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Optimizing page load time

We launched the new walkerart.org late on December 1, and it’s been a great ride. The month leading up to (and especially the preceding week starting Thanksgiving Day, when I was physically moving servers and virtualizing old machines) was incredibly intense and really brought the best out of our awesome team. I would be remiss […]

We launched the new walkerart.org late on December 1, and it’s been a great ride. The month leading up to (and especially the preceding week starting Thanksgiving Day, when I was physically moving servers and virtualizing old machines) was incredibly intense and really brought the best out of our awesome team. I would be remiss if I didn’t start this post by thanking Eric & Chris for their long hours and commitment to the site, Robin for guiding when needed and deflecting everything else so we could do what we do, and Andrew and Emmet for whispering into Eric’s ear and steering the front-end towards the visual delight we ended up with. And obviously Paul and everyone writing for the site, because without content it’s all just bling and glitz.

Gushy thanks out of the way, the launch gave us a chance to notice the site was a little … slow. Ok, a lot, depending on your device and connection, etc. Not the universally fast experience we were hoping for. The previous Walker site packed all the overhead into the page rendering, so with the HTML cached the rest would load in under a second, easy. The new site is heavy even if the HTML is cached. Just plain old heavy: custom fonts, tons of images popping and rotating, javascript widgets willy-nilly, third-party API calls…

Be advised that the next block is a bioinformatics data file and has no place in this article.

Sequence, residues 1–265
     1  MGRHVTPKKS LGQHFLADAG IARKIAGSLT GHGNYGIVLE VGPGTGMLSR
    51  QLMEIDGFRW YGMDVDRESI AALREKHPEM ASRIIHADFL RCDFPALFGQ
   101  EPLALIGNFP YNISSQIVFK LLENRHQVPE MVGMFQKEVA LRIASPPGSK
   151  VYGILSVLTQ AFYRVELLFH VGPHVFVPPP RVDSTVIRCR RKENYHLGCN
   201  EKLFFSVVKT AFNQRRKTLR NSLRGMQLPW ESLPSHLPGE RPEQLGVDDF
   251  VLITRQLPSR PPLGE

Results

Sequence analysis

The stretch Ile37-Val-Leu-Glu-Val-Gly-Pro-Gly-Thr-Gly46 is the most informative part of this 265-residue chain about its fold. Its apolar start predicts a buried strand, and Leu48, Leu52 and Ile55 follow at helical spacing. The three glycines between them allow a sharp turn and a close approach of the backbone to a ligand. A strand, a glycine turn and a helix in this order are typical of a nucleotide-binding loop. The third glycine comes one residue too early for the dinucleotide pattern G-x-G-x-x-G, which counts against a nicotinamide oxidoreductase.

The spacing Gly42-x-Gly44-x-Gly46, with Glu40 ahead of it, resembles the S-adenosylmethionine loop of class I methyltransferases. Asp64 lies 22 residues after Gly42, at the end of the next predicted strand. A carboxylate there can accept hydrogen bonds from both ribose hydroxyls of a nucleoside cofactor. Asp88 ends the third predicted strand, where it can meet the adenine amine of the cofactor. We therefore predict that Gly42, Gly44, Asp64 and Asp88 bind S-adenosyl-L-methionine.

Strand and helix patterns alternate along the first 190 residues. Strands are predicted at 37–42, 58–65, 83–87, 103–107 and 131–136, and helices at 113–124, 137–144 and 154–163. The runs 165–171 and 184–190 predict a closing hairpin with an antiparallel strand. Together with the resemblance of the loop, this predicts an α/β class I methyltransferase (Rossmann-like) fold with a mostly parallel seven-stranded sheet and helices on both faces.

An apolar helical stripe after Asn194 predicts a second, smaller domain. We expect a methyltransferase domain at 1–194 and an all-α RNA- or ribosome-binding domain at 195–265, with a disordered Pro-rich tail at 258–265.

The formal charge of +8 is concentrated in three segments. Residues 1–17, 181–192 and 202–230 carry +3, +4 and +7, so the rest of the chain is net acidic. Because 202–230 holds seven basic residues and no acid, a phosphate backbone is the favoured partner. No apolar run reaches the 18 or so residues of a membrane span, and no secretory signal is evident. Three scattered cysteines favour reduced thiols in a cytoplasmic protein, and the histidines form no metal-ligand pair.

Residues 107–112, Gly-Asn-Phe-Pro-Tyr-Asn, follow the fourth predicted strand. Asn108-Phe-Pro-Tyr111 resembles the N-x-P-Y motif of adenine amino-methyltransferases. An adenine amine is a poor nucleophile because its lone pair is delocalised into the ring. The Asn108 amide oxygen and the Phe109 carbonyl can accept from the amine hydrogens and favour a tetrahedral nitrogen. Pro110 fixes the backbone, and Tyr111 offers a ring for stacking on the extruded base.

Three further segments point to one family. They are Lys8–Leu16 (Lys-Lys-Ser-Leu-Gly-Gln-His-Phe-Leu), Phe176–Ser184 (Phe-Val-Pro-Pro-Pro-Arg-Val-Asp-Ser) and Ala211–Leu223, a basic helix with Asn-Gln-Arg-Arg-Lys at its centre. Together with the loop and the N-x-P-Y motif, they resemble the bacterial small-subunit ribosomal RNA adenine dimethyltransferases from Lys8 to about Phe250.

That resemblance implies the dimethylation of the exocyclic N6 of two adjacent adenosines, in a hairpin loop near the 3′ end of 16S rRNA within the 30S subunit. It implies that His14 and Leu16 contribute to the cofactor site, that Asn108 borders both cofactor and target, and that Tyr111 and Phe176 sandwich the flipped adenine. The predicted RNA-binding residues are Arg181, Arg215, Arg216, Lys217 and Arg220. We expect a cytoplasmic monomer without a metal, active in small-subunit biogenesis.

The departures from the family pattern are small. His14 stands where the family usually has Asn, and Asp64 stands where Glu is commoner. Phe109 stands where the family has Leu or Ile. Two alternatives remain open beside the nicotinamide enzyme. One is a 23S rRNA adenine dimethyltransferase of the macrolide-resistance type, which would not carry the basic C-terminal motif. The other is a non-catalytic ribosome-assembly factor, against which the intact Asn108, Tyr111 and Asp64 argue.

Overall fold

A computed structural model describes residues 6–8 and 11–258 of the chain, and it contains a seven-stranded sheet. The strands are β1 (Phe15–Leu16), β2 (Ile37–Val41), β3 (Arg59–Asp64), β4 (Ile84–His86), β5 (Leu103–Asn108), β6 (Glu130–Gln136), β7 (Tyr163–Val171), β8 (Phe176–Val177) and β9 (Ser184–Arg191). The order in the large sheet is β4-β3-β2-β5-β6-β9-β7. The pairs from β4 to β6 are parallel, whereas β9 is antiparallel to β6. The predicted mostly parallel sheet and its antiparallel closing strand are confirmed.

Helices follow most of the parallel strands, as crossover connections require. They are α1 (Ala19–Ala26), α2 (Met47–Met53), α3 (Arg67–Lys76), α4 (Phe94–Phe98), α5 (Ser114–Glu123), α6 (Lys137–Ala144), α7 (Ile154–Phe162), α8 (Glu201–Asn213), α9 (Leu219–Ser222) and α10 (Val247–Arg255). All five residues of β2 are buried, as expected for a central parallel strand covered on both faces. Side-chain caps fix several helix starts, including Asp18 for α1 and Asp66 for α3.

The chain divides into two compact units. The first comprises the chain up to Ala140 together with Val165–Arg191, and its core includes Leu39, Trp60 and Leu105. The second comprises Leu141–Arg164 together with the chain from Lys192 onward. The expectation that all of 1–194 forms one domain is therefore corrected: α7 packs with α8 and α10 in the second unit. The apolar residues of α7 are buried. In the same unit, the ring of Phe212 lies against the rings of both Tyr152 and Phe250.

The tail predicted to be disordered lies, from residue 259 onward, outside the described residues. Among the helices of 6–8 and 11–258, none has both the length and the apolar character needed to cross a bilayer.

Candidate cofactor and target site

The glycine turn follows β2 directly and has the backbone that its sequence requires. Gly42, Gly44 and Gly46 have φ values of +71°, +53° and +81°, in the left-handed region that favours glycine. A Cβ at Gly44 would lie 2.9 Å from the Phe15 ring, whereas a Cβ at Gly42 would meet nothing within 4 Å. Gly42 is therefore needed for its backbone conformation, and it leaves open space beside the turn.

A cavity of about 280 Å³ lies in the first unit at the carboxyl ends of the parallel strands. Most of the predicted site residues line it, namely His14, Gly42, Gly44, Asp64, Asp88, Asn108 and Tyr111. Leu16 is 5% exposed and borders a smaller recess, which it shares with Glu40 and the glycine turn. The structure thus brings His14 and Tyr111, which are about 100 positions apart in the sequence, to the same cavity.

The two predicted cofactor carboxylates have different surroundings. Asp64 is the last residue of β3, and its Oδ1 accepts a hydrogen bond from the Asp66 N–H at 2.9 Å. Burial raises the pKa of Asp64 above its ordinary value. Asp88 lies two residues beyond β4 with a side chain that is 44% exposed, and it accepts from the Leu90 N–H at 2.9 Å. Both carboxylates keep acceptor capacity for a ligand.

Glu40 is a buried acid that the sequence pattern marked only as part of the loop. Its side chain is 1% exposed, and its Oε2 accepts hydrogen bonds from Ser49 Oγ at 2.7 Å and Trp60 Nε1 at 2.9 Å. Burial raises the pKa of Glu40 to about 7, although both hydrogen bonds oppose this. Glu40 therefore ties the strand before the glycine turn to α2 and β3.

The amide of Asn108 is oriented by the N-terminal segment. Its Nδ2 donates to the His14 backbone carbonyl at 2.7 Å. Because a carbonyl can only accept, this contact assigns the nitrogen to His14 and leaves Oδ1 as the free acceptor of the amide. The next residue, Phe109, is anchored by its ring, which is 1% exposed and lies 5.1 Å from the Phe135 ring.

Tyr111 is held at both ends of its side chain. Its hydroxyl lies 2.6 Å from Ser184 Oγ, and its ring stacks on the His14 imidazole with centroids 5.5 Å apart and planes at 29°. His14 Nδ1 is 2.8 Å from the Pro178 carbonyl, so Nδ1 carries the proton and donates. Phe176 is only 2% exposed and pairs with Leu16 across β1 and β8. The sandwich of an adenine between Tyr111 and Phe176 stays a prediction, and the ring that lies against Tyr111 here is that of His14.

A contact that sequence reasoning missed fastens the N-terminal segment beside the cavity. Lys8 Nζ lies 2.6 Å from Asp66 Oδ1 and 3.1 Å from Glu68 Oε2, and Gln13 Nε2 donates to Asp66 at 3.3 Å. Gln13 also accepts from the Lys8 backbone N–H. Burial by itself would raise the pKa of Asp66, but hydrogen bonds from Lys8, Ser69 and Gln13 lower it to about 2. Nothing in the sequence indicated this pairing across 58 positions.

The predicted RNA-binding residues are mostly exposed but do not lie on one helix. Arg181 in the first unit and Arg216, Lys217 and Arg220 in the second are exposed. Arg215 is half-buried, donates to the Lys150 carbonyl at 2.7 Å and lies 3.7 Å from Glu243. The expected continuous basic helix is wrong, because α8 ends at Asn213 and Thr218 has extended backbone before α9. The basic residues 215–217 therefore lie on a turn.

Here’s the dirty truth of the homepage when we kicked it out the door December 1:

12/1: 2.6 MB over 164 requests. Load times are pretty subjective depending on a lot of things, but we had good evidence of the page taking at least 4+ seconds from click to being usable — and MUCH longer in some cases. Everyone was clearly willing to cut us some slack with a shiny new site, but once the honeymoon is over we need to be usable every day — and that means fast. This issue pretty quickly moved to the top of our priority list the Monday after launch, December 5.

The first thing to tackle was the size: 2.6 MB is just way too big. Eric noticed our default image scaling routine was somehow not compressing jpgs (I know, duh), so that was an easy first step and made a huge difference in download size.

12/5: 1.9 MB.

On the 6th we discovered (again, duh) lossless jpeg and png compression and immediately applied it to all the static assets on the site, but not yet to the dynamically-generated versions. Down to 1.8 MB. We also set up a fake Content Delivery Network (CDN) to help “parallelize” our image downloads. Modern browsers allow six simultaneous connections to a single domain, so by hosting all our images at www.walkerart.org we were essentially trying to send all our content through one tiny straw. Chris was able to modify our image generator code to spread requests across three new domains: cdn0.walkerart.org, cdn1, etc. This bypasses the geography and fat pipe of a real CDN, but does give the end user a few more straws to suck content through.